The speakers in the discussion on defense, security and innovation, namely the author of the study Tomáš Pojar (CEVRO) accompanied by Petr Konvalinka (TACR), Tomáš Kopečný (Ministry of Defense) and Pavel Šalanda (Rohde & Schwarz) generally agreed that spending on defense R&D is not necessarily only a consumption expenditure to increase security, but also an investment that can significantly boost the competitiveness of the Czech economy, including its innovation potential, as many originally military inventions penetrated into civil life. There is a need, however, to effectively redistribute the state budget and establish priorities. Moreover, the Czech Republic does not sufficiently support scientific cooperation with universities and therefore does not make use of the full potential of such institutions. The government should also support and cooperate with private companies since they often develop advanced technologies and are way ahead of publicly funded research institutions. The involvement of Czech companies and the establishment of a co-financing system still remain a challenge.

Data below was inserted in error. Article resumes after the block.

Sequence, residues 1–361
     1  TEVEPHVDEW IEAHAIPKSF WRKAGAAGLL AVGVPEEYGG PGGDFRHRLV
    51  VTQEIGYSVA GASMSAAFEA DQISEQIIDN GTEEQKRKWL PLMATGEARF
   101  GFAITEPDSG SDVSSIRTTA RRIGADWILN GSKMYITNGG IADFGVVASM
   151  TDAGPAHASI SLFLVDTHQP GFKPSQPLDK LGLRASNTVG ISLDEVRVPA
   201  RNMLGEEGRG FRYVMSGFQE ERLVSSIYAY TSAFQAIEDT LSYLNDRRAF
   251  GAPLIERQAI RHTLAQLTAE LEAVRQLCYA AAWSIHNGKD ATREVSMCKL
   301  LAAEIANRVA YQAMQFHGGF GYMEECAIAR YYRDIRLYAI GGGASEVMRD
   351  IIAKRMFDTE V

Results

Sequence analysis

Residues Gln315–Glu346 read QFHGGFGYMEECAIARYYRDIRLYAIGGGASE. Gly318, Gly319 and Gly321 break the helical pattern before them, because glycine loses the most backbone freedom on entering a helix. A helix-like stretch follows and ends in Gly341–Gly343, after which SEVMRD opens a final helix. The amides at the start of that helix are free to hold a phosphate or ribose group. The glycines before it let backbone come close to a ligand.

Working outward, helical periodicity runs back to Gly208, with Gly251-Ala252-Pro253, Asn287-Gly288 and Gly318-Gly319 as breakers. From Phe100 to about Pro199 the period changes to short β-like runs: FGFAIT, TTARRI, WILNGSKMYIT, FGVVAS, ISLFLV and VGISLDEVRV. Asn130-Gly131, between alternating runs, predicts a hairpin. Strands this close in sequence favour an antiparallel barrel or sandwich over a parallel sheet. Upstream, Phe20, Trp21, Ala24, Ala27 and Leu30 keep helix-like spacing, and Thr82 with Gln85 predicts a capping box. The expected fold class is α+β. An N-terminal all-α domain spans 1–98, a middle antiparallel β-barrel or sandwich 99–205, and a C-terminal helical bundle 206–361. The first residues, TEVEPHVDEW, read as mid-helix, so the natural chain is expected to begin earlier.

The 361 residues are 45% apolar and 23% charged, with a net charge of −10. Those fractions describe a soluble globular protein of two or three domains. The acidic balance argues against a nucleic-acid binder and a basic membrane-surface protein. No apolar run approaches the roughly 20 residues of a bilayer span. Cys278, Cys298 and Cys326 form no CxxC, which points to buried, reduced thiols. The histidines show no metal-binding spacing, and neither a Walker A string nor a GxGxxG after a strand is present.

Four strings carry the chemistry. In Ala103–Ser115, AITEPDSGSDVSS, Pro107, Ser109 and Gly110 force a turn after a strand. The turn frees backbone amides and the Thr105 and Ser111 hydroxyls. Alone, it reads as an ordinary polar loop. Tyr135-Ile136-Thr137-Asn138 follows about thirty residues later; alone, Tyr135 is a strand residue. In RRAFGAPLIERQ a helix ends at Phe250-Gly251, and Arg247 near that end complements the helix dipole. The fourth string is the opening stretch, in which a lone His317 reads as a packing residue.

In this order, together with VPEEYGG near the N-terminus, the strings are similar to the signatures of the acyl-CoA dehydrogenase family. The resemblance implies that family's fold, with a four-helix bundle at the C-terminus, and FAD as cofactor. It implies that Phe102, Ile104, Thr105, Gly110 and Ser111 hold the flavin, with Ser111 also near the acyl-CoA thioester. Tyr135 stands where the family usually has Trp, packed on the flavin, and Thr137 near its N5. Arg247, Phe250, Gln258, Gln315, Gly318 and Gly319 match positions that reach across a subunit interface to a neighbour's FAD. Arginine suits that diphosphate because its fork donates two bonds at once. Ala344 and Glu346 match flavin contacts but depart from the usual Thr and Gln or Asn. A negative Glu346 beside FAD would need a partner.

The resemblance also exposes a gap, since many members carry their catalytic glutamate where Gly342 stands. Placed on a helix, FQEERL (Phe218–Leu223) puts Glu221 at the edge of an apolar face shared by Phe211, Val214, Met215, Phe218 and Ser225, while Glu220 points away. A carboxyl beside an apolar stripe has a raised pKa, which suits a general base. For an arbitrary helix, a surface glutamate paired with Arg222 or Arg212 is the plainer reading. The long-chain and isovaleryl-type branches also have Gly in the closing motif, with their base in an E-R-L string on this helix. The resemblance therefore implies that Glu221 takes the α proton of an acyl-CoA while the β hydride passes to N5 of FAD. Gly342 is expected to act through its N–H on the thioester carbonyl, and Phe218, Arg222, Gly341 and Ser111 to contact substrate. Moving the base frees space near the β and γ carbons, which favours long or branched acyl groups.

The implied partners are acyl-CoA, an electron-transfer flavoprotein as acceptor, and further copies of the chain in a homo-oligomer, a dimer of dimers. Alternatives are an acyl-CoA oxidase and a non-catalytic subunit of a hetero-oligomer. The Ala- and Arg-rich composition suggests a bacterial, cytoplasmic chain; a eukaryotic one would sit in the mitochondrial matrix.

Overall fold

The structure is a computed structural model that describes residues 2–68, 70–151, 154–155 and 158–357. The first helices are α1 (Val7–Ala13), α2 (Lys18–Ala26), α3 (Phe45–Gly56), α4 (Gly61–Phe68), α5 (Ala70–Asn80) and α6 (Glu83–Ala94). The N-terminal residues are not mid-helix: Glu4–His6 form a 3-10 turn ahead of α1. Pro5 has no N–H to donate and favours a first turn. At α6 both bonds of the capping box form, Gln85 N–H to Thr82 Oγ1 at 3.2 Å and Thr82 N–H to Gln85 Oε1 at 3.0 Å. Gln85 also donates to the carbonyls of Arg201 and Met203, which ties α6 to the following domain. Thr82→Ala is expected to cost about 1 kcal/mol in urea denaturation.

IV. Quality of Life–Regional Differences (video recording 4:18:22–5:19:38)
How did the participants vote on priorities for reducing social and regional disparities during the conference?